05.05.09: 6 Steps to call a C function in R

May 5, 2009
By

(This article was first published on B.I.S. dato, and kindly contributed to R-bloggers)

Tasks
  • Wrap for netMotifs
  • Submit Abstract for PhD Retreat
  • Read Architecture paper
  • Özgür's WST data and Uli's RTCA data
After some searching and testing, I have began to know how to call a C function in R. The reason for doing this can be speed (for example, the convolution of two finite sequences, as raised by the Writing R Extensions tutorial, refered as 'WRE tutorial'), or existing codes that have been implemented in C or Fortran (e.g., mfinder software source codes kindly provided by Nadav Kashtan, Uri Alon and their colleagues. One may argue that auto-wrapping tools like SWIG (Simplified Wrapper and Inteface Generator) could do this automatically. However it is worth implementing by hand at least in two scenarios:
  • When one wants to embed a C routine in his/her R function/package for the first time, it is defnitely exciting to know how does it work at all.
  • Some complex data structures are not yet fully supported by SWIG. In these cases it is also necessary to understand how to write a wrapper manually.
To call a C function in R, one has to following following steps:
  1. Write a function in C, for example a toy example of function 'myC'.
    void myC(int* lower, int* upper) {
    int i;
    printf("\t Number \t\t Sqaure Root of the Number\n");
    for(i = *lower; i<= *upper; ++i)
    printf("\t %d \t\t\t %2.2f \n",i, sqrt((double) i));
    }
  2. Create shared objects of the function myC with R CMD SHLIB myC.c in command line. If neccessary also provide needed parameters, for example -lm. This step produces a myC.so file, namely the shared object.
  3. Use dyn.load("myC.so") function in a R session to load the shared object.
  4. After loading, the function can be called with .C function, with the function name in string as the first parameter followed by parameters to be passed. Please keep in mind that the type of parameter must be checked (coerced) correct before passing, otherwise one may face unexpected results. use the toy function, a call to the function is demonstrated by:

    res <- .C("myC", lower=as.integer(0), upper=as.integer(8))
  5. Now you should see the output of the function, as follows:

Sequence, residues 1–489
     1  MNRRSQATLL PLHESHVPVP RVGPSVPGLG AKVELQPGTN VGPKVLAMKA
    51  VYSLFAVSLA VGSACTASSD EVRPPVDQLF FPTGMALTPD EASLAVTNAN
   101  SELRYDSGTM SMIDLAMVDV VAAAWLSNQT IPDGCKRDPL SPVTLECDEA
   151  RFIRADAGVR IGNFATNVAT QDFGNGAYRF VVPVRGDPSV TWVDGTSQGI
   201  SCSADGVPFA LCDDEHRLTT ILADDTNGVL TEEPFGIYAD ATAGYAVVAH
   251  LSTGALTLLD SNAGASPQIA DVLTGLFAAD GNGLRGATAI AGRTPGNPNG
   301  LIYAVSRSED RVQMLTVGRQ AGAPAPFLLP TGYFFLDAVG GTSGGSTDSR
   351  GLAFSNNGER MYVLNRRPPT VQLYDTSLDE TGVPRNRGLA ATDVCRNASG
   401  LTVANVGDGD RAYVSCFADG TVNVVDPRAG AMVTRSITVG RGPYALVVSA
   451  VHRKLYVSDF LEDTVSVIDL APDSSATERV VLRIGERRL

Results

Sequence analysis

Number    Sqaure Root of the Number
    0 0.00
    1 1.00
    2 1.41
    3 1.73
    4 2.00
    5 2.24
    6 2.45
    7 2.65
    8 2.83
  6. (Optionally) One could unload the shared library by dyn.unload("myC.so").
Some words off-topic: now I think it is not that difficult, however it took me quite a long time to understand the (sometimes too detailed) descriptions in the R extension tutorial: I am not sure whether others have a similar feeling, I believe the quality of documentation in R needs to be improved, especially in the readability and approachability: two common scenario always trouble me: either there is no easy and understandable answer to a question (like the one I am discussing here), or I do not know there is a function in any package implementing a desired task (so called 're-use of the code', preferred to write the code of his own).

Back to the topic, following the procedures described above, one can relative easily wrap a C (or other languages, like Fortran or C++) function in R. The wrapping is desired since at least it may help the check/coerce of the types.

Next step is to embed one or more C files in a package, which normally requires the use of configure and Makevar files. There is also some words spent on this in the WRE tutorial, but to me they are not structured and I did not 'know-how' even after several times of reading. So next step I will also write a demo to show how to do this.

To leave a comment for the author, please follow the link and comment on his blog: B.I.S. dato.

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